being powered from the Arduino's Vcc, which is also the default reference for the ADC.

Using a separate supply voltage from another device will mean a different voltage will be used for
the resistive divider than the Arduino's reference.

5V supplies on computers have only about +/-5% accuracy and often considerable noise too.

You could use a 1:1 resistor divider powered by the computer to allow the Arduino to sense its
voltage (relative to the Arduino's 5V), and thus correct for the difference, but this won't eliminate
noise and errors due to noise.

BTW its not a pull-up resistor, its one arm of the resistive divider (or half-bridge).

Pull-ups are for logic signals and don't need to be accurate, this is an analog circuit where
the resistor accuracy is vital.

Thanks Mark. Great comment about measuring 1:1 divider and correcting, had not thought of that.

The whole tolerance stack is really not that critical. I'm going to give it a try. I'll report back as a matter of interest or any help to others that want to share a sensor with ECU.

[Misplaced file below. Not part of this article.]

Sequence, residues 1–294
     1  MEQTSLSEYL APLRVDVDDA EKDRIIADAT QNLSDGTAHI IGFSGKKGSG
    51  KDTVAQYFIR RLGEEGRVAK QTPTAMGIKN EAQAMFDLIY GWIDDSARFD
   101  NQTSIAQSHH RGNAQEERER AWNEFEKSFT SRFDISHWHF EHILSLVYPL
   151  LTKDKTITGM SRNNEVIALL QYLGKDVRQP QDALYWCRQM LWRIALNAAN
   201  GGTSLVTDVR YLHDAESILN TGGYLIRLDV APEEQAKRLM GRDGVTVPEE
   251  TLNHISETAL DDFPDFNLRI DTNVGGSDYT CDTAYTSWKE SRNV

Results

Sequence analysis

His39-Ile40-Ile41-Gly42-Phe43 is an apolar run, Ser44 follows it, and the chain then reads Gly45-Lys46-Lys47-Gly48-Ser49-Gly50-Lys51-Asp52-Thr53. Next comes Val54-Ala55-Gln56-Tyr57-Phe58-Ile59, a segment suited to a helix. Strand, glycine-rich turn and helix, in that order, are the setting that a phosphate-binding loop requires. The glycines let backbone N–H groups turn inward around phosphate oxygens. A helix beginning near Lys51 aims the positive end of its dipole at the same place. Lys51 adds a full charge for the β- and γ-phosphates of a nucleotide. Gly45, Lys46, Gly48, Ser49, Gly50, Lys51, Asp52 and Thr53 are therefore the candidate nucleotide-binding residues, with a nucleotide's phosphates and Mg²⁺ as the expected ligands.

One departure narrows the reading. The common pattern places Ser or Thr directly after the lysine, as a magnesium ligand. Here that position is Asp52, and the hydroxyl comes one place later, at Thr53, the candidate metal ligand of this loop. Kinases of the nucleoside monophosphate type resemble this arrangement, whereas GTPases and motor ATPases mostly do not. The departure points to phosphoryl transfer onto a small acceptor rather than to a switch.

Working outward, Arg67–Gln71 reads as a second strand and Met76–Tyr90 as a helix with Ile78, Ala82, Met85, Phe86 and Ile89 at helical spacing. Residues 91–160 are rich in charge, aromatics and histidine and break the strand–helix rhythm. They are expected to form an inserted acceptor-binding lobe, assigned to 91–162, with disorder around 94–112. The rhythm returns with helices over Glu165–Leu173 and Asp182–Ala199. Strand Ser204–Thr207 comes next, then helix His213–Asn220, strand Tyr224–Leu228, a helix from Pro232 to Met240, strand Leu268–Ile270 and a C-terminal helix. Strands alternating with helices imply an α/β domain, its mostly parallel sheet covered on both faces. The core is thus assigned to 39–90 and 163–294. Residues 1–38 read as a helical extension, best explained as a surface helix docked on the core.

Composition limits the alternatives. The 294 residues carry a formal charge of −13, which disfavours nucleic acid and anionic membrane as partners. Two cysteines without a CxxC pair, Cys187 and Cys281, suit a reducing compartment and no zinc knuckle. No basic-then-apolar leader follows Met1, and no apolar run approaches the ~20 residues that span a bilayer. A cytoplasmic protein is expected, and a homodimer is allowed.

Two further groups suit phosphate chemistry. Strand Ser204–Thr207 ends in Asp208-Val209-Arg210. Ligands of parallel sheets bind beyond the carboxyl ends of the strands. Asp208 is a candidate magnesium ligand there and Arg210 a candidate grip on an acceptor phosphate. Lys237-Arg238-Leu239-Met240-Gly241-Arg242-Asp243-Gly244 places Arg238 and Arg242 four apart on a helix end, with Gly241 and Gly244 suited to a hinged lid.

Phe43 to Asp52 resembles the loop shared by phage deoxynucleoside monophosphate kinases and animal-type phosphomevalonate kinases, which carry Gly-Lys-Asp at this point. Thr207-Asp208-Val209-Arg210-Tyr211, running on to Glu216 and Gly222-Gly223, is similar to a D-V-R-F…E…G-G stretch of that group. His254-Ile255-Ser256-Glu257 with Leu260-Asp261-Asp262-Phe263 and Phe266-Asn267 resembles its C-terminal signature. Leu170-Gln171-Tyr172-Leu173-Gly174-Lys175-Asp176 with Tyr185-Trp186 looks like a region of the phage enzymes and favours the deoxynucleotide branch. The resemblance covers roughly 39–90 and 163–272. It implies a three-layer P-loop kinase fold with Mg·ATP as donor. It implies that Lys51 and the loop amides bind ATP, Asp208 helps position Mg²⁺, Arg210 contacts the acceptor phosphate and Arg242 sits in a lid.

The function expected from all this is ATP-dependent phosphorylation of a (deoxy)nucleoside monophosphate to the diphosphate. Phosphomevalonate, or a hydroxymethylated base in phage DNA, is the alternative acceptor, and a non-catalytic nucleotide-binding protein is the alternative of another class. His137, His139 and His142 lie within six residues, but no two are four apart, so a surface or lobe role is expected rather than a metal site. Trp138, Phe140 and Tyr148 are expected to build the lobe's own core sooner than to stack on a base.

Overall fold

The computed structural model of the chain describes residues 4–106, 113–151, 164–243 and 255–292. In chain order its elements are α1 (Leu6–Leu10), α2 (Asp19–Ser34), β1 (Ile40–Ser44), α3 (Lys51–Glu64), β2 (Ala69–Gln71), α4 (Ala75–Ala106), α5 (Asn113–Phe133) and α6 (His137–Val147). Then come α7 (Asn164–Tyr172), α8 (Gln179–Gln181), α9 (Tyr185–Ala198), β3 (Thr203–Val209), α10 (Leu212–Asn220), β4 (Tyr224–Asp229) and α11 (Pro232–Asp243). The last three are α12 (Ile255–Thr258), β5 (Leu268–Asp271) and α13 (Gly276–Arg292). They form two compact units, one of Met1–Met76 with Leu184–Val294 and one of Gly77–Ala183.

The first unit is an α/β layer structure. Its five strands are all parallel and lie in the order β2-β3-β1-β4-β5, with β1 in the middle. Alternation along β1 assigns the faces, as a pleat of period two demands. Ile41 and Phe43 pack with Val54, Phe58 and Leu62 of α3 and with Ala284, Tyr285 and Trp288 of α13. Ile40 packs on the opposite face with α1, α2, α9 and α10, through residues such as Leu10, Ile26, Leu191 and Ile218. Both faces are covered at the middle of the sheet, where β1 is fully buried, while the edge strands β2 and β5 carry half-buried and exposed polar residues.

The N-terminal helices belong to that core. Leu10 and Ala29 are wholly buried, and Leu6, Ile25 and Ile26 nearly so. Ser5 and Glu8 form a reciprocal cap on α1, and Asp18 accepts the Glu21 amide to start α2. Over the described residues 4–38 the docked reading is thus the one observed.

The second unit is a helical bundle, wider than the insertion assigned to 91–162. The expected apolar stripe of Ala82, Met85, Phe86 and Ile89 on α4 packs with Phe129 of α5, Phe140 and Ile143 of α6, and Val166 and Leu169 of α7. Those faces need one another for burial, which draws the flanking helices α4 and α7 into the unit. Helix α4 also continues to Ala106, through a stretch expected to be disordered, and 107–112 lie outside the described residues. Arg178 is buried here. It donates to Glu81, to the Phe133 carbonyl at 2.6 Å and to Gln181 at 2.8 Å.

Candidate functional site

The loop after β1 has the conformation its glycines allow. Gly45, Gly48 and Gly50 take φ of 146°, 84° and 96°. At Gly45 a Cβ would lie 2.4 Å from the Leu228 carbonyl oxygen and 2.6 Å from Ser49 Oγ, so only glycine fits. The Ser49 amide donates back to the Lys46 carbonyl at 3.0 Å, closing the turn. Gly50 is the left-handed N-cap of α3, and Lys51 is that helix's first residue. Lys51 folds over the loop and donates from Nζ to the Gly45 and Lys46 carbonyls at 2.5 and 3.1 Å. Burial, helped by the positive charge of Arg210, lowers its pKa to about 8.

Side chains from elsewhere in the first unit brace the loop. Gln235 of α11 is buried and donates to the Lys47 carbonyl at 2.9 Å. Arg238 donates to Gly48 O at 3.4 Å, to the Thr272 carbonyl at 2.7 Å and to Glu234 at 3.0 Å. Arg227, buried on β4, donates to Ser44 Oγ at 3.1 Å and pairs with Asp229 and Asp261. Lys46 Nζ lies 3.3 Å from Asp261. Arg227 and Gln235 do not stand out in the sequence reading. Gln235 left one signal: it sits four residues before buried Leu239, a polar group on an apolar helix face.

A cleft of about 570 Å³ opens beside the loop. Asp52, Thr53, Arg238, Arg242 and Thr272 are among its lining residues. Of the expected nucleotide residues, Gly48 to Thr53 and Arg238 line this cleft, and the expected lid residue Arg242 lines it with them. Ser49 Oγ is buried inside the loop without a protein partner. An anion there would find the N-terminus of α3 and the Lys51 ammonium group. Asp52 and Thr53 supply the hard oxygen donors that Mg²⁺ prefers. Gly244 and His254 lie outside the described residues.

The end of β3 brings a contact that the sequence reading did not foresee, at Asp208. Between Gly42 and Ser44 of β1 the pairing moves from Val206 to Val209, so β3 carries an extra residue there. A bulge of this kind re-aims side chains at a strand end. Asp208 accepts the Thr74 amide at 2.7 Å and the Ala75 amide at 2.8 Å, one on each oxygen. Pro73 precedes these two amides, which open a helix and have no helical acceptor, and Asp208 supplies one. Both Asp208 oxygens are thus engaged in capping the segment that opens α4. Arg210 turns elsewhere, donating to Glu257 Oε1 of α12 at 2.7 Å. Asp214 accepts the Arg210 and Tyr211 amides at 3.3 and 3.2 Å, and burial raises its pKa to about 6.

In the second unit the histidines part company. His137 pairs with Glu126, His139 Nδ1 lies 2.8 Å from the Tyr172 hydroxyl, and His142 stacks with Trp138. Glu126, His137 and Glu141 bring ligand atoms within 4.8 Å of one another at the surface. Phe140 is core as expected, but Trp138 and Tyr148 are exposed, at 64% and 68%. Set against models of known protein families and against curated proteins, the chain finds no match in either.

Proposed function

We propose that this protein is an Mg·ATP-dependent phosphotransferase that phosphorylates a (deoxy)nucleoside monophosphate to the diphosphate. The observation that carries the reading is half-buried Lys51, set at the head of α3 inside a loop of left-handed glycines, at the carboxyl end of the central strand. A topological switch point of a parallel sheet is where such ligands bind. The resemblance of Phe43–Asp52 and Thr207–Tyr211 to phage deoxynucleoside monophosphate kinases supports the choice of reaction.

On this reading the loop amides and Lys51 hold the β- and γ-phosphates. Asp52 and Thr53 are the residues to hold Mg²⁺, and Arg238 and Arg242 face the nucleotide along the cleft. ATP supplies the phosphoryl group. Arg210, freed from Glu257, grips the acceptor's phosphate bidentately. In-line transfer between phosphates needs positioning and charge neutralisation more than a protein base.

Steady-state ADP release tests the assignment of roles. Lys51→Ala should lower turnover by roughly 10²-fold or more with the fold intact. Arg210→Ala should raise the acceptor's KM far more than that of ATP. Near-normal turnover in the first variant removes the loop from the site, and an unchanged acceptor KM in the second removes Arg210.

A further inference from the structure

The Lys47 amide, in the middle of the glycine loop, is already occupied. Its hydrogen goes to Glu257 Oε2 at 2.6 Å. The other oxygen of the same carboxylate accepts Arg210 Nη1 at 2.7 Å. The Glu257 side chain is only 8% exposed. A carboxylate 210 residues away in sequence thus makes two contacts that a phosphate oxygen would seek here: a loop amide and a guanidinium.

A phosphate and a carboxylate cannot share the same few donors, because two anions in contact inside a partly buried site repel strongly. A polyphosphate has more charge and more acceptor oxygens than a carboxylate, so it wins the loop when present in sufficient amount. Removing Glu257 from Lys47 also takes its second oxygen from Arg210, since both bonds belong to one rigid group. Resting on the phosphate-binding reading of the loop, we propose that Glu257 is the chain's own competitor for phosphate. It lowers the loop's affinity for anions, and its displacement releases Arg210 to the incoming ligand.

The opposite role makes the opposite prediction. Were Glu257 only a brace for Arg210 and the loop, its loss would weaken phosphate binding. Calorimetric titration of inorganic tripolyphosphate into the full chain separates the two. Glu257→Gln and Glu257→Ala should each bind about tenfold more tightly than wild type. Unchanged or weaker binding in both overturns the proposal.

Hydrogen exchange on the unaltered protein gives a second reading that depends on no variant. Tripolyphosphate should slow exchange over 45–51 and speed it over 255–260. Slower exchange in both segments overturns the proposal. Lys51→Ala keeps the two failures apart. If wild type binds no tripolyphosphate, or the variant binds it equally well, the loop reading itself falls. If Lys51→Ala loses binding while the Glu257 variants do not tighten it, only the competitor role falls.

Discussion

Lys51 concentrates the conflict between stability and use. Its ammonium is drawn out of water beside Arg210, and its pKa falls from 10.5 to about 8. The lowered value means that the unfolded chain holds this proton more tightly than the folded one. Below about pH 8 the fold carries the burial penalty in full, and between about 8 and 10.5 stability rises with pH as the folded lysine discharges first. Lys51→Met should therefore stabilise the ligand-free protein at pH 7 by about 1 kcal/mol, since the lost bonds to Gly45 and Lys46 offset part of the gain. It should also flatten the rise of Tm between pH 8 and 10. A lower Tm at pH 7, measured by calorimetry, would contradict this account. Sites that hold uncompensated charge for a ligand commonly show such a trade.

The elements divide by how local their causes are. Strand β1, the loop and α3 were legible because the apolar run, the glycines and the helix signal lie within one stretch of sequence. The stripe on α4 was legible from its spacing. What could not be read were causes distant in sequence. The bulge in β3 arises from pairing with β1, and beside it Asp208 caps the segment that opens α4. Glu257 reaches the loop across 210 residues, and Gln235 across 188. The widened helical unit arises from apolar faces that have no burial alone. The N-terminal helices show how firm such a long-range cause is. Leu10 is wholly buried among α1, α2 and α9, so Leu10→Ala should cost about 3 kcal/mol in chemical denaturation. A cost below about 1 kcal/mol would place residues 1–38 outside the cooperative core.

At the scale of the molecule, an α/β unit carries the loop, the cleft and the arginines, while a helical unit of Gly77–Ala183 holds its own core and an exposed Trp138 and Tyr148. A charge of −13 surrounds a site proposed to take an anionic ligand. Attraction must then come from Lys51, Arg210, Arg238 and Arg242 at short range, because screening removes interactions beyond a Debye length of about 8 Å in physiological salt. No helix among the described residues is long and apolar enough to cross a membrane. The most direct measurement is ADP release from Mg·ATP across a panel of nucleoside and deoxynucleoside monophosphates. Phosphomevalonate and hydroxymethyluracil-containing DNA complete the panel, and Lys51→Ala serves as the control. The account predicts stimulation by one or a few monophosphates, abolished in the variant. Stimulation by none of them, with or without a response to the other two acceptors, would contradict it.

That RC filter worked very well when I had this setup with it's own sensor. Before and after pic of the voltage reading. Scope set to AC so I could zoom in on voltage around 0v. It's within 1 adc step with the filter and I poll an avg.

The interesting part will be testing any change to voltage to ECU with scope when pin is lifted. I'll also be able to read ECU reading next to Arduino reading so I'll see any temp differences, however ECU only outputs 8 bit data in 1°c granularity through OBD so I can't really split hairs which is not a bother. Main idea was to read it direct so I can run fan PID algo using higher resolution by tapping into it direct instead of pulling from OBD (and get rid of a dedicated sensor). On Arduino, each ADC step is 0.1-0.2°c depending how close the sensor resistance is to the 'one-arm of the resistive divider' :slight_smile:

Reading sensor directly and calculating inputs for PID with 0.1c resolution instead 1.0c resolution from OBD helps the fan PID stay steady by quite a bit.

I modified my circuit for this setup and tested with the scope. It worked great. No difference to ECU reading or measured voltage going into ECU when the arduino pin probed on and off. Arduino temp reading was exactly the same as the OBD scanner although that readout does not show decimals. But the scope shows 3 decimal points which is well within any adc resolution, meaningful rounding, or voltage noise (even when cleaned up).

As Mark pointed out, I'm sure there is some effect from the filter but I could not measure it and the signal is super clean so all is good.

Big win, very happy about this. Thanks for the info, very helpful.